A proposal to keep alive the state of Maine’s 100,000-lb. truck pilot program has been included in an omnibus government funding bill in the Senate. The provision to continue the program for an additional year was included at the request of Sen. Susan Collins (R-ME).

The measure would continue the pilot program that allows vehicles equipped with a sixth axle to run as heavy as 100,000 lbs. on Interstate highways in Maine.

The program is scheduled to expire at the conclusion of the day on Friday, Dec. 17, 2010. A U.S. House funding bill passed last week did not include a provision to keep the pilot going..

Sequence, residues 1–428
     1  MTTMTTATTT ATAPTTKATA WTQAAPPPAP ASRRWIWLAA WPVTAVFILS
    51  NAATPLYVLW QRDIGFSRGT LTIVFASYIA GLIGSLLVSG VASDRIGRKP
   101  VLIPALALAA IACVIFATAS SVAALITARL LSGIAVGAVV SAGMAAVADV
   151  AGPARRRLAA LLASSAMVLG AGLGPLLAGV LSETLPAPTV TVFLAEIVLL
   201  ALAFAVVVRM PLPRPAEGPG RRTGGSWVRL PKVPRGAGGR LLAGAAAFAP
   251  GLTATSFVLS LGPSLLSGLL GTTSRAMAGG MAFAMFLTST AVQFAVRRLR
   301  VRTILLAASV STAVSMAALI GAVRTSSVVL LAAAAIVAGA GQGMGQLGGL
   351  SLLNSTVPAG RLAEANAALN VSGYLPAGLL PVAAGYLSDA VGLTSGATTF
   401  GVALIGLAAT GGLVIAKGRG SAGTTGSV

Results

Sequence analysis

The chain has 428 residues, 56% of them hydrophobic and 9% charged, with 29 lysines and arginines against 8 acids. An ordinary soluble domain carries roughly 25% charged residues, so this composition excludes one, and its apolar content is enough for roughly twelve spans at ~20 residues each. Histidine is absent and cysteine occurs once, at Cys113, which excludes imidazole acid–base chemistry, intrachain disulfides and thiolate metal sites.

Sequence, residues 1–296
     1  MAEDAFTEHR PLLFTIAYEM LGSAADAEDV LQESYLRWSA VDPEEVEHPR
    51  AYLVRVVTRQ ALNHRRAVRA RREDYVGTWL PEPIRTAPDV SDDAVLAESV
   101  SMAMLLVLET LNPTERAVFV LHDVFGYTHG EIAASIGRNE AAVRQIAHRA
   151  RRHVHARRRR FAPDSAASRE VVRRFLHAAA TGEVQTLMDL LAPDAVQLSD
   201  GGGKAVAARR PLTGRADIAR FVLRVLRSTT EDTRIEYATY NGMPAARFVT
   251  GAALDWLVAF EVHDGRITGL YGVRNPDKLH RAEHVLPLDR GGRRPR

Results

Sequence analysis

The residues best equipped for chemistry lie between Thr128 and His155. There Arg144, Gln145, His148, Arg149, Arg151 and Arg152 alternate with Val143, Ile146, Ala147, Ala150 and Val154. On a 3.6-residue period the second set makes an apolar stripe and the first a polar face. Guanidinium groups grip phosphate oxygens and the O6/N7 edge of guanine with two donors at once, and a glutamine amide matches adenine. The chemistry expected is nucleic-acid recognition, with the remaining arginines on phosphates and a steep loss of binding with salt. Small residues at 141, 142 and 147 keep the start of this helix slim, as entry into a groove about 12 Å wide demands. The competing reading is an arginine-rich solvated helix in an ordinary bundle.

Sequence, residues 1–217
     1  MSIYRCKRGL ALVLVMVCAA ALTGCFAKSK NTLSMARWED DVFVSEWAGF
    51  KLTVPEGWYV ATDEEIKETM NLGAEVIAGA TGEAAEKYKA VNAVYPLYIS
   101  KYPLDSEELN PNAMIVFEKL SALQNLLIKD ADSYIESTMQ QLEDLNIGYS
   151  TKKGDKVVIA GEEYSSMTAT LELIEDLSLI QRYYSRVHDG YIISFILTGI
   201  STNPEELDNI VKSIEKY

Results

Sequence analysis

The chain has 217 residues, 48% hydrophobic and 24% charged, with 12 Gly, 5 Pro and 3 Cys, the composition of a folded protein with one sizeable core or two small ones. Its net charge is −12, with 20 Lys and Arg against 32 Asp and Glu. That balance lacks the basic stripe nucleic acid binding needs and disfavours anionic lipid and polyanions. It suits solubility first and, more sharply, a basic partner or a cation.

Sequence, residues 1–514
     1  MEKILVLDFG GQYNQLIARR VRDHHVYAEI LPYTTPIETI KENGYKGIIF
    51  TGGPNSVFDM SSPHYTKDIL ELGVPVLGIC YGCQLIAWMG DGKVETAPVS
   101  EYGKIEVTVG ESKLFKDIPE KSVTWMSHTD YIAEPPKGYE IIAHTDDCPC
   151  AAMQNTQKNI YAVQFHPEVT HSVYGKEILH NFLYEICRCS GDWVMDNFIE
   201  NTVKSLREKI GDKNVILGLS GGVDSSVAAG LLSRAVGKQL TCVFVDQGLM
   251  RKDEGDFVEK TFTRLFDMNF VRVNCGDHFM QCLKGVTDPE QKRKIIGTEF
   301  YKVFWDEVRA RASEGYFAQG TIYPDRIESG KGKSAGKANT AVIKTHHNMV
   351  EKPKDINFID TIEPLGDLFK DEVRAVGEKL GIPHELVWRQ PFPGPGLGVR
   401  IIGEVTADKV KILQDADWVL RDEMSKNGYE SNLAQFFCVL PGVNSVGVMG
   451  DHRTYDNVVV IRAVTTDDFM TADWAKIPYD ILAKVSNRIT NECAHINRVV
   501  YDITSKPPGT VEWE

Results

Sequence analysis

“Thanks to Sen. Collins, it’s likely that truck transportation in Maine and Vermont will continue to be safe, efficient and productive in the coming year,” said John Runyan, executive director of the Coalition for Transportation Productivity (CTP).

“The pilot’s extension is certain to be a tremendous victory for national truck weight reform,” he continued. “CTP continues to work with Congress to enact the Safe and Efficient Transportation Act so that all states will have the option to move heavier traffic from state roads, where intersections, school crossings and driveways complicate the drive, to interstate highways that are safer and better engineered for heavier loads.”

CTP represents a group of 180 shippers and allied associations dedicated to increasing federal truck weight limits.

The full Senate must still pass the omnibus funding bill and send it back to the House for its approval.